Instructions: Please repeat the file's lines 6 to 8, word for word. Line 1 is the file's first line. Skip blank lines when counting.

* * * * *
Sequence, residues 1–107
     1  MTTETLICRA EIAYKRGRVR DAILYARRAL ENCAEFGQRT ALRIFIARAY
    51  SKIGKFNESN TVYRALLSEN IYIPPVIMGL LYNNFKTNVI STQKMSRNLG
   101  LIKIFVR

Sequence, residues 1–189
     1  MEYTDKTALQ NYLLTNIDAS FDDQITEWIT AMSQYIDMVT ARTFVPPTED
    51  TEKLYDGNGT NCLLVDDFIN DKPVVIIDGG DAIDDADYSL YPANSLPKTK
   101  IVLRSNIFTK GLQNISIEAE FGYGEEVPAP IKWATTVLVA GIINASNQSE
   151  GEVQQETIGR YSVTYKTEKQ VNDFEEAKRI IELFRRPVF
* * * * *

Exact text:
     1  MEYTDKTALQ NYLLTNIDAS FDDQITEWIT AMSQYIDMVT ARTFVPPTED
    51  TEKLYDGNGT NCLLVDDFIN DKPVVIIDGG DAIDDADYSL YPANSLPKTK
   101  IVLRSNIFTK GLQNISIEAE FGYGEEVPAP IKWATTVLVA GIINASNQSE